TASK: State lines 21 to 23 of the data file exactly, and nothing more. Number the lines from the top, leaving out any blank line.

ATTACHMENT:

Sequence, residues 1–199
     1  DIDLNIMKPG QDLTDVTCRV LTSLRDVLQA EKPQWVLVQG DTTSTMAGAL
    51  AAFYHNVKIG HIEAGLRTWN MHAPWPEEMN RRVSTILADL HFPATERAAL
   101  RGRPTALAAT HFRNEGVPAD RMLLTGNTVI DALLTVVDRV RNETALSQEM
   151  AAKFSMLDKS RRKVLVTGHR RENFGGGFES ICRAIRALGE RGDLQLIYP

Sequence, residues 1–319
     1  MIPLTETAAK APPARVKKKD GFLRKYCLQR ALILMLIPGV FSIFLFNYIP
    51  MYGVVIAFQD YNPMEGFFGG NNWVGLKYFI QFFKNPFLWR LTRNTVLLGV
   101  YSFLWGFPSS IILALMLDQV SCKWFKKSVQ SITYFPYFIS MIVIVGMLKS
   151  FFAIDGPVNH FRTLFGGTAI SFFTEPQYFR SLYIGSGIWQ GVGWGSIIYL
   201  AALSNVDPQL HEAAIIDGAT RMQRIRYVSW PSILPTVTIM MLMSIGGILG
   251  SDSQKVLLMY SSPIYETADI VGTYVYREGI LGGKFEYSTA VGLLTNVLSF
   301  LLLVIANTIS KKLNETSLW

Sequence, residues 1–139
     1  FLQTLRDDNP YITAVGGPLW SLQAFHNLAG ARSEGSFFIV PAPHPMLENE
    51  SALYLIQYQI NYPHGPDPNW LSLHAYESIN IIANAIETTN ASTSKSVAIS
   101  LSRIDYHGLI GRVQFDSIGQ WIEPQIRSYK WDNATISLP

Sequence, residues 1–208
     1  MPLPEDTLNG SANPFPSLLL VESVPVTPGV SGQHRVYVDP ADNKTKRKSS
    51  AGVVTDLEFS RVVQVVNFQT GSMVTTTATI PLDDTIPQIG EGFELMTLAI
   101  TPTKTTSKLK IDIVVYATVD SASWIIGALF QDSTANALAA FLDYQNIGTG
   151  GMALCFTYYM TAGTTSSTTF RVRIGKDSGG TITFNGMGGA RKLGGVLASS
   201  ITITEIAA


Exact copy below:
   101  TPTKTTSKLK IDIVVYATVD SASWIIGALF QDSTANALAA FLDYQNIGTG
   151  GMALCFTYYM TAGTTSSTTF RVRIGKDSGG TITFNGMGGA RKLGGVLASS
   201  ITITEIAA